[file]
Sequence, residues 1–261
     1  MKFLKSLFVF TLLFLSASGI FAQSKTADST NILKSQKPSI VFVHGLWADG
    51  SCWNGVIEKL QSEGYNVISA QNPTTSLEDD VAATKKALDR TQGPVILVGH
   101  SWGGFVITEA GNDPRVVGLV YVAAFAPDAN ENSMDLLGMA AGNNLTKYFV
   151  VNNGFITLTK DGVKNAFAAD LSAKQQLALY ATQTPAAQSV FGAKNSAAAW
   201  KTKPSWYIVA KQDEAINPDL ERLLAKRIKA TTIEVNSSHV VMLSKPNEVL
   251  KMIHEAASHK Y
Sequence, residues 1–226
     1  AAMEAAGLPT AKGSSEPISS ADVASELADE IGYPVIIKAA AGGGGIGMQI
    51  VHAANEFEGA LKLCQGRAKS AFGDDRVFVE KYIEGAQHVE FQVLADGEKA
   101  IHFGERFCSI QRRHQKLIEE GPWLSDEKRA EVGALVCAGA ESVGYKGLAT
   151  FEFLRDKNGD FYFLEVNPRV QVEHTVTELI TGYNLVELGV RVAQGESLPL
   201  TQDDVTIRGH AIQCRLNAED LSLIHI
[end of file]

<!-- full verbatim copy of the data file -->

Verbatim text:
Sequence, residues 1–261
     1  MKFLKSLFVF TLLFLSASGI FAQSKTADST NILKSQKPSI VFVHGLWADG
    51  SCWNGVIEKL QSEGYNVISA QNPTTSLEDD VAATKKALDR TQGPVILVGH
   101  SWGGFVITEA GNDPRVVGLV YVAAFAPDAN ENSMDLLGMA AGNNLTKYFV
   151  VNNGFITLTK DGVKNAFAAD LSAKQQLALY ATQTPAAQSV FGAKNSAAAW
   201  KTKPSWYIVA KQDEAINPDL ERLLAKRIKA TTIEVNSSHV VMLSKPNEVL
   251  KMIHEAASHK Y
Sequence, residues 1–226
     1  AAMEAAGLPT AKGSSEPISS ADVASELADE IGYPVIIKAA AGGGGIGMQI
    51  VHAANEFEGA LKLCQGRAKS AFGDDRVFVE KYIEGAQHVE FQVLADGEKA
   101  IHFGERFCSI QRRHQKLIEE GPWLSDEKRA EVGALVCAGA ESVGYKGLAT
   151  FEFLRDKNGD FYFLEVNPRV QVEHTVTELI TGYNLVELGV RVAQGESLPL
   201  TQDDVTIRGH AIQCRLNAED LSLIHI